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I have my Sirius antenna ( weighs maybe two ounces ) mounted to the dash in the car with Velcro. The Velcro migrates across the dash from sun and heat melting the adhesive. I'd never use Velcro to mount a panel.
I know the heavy duty stuff that we used in our vehicles overseas in a hot, dusty environment didn’t move at all. But I agree, every now and then when I revisit mounting flexible panels I always come to the conclusion that the fixed solid panels are still the way to go. Scott

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Old 08-12-2016, 04:58 PM   #79
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I'm just excited to get dual solar panels at build! I was not sure it was possible. it is, as long as no tv antenna or other added stuff in the way.
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Old 08-12-2016, 05:34 PM   #80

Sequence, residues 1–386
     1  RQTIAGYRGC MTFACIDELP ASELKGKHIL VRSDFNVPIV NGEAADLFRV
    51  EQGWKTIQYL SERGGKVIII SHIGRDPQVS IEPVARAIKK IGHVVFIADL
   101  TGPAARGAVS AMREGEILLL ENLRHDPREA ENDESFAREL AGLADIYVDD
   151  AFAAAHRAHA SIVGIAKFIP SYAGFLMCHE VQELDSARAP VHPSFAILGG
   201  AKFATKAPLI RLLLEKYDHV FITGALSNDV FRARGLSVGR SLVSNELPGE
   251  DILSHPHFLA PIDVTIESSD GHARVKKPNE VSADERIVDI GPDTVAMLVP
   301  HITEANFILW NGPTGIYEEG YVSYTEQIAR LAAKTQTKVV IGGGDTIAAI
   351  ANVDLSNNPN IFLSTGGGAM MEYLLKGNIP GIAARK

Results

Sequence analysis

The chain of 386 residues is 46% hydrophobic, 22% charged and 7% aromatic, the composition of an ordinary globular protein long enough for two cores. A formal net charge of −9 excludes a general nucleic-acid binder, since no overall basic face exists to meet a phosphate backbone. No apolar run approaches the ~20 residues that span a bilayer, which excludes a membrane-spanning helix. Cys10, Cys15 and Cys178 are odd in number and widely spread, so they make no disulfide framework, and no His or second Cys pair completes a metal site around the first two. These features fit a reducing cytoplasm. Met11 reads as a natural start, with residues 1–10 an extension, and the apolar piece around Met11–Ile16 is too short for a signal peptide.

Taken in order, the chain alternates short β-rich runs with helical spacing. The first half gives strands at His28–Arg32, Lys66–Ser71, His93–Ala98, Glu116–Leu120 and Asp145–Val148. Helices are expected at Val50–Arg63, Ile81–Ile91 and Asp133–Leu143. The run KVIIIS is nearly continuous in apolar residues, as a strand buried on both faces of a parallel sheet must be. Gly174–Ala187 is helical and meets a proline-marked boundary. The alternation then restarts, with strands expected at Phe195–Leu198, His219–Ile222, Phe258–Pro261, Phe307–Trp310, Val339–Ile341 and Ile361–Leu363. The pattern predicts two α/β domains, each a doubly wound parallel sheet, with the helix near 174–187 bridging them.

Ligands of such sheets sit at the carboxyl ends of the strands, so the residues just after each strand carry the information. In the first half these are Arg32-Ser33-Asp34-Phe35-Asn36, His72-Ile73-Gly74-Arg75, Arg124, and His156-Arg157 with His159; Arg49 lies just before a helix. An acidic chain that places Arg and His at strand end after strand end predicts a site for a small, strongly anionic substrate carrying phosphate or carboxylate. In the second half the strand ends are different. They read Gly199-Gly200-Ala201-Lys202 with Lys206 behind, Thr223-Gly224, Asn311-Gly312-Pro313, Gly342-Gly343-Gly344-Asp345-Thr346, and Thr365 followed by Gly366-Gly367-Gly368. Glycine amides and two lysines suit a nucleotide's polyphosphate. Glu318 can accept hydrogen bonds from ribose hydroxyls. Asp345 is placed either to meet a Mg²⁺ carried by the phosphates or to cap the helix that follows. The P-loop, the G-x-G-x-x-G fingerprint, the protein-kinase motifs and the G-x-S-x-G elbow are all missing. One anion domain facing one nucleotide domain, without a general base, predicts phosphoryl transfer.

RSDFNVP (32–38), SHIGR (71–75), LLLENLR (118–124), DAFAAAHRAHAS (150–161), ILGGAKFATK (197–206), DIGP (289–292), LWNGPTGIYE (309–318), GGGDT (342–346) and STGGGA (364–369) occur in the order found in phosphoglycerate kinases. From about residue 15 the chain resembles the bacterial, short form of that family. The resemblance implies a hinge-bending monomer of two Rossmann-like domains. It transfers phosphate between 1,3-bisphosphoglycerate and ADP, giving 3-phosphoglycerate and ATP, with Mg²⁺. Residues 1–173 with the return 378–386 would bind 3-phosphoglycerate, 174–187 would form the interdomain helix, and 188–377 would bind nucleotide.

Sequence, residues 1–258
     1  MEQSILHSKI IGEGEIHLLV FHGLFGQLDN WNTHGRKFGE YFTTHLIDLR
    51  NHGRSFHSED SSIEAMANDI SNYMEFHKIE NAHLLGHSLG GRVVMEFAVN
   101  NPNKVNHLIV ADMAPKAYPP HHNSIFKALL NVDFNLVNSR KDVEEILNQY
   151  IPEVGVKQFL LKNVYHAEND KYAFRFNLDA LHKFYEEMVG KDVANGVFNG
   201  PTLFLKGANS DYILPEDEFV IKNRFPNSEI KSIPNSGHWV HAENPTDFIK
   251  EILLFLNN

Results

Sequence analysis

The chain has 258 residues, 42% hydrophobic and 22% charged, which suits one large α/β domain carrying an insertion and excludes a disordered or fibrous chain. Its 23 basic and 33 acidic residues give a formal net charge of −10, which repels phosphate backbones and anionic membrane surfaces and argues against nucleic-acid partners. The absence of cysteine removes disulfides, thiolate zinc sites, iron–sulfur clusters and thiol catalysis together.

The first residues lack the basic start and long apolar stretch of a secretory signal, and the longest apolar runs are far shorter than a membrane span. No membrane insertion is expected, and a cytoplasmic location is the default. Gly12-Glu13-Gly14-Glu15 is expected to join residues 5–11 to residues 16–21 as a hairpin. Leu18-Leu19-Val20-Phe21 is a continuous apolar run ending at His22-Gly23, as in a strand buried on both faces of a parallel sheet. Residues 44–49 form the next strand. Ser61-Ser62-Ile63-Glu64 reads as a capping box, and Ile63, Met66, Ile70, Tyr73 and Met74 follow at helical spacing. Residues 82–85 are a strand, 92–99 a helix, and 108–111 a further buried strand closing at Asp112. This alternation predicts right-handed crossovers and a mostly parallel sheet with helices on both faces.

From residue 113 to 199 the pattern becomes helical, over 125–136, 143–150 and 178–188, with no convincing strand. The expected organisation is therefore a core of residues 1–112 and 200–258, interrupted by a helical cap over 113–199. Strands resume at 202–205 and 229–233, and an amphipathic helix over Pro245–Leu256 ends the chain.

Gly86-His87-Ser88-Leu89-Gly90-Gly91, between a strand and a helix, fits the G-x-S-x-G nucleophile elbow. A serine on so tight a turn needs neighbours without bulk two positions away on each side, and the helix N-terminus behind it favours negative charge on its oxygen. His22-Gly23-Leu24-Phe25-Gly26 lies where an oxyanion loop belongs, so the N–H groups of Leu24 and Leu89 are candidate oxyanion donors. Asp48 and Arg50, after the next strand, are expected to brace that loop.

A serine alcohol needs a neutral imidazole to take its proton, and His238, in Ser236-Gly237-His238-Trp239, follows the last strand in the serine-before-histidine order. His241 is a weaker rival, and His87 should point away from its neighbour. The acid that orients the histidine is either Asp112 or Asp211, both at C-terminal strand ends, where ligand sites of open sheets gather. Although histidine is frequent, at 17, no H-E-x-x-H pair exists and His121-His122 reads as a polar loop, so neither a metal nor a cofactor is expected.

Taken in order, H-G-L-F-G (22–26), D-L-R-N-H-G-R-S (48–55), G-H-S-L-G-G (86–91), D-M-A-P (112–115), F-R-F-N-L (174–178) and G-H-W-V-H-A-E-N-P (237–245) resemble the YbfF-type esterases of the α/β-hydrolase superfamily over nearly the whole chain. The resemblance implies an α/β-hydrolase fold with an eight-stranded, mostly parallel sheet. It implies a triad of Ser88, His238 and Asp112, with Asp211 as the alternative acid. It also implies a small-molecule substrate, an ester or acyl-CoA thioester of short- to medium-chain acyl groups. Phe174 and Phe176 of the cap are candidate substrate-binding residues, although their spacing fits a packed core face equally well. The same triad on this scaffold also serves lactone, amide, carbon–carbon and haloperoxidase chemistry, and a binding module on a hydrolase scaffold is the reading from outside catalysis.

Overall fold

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I have my Sirius antenna ( weighs maybe two ounces ) mounted to the dash in the car with Velcro. The Velcro migrates across the dash from sun and heat melting the adhesive. I'd never use Velcro to mount a panel.
The problem in this case is not the Velcro (or other hook-and-loop fastener, if it's not really Velcro®), but the adhesive, right?

With a flexible solar panel there is the same issue of getting the right adhesive, plus hook-and-loop fasteners only work well on fabric, because they are designed to peel apart and hold under shear (not tension perpendicular to the plane of the fastener) - I would not want to use this stuff with bendable solar panel. I think Velcro and similar fasteners make great closures for flaps on jackets, and a lousy solution for just about any mounting problem not involving fabric.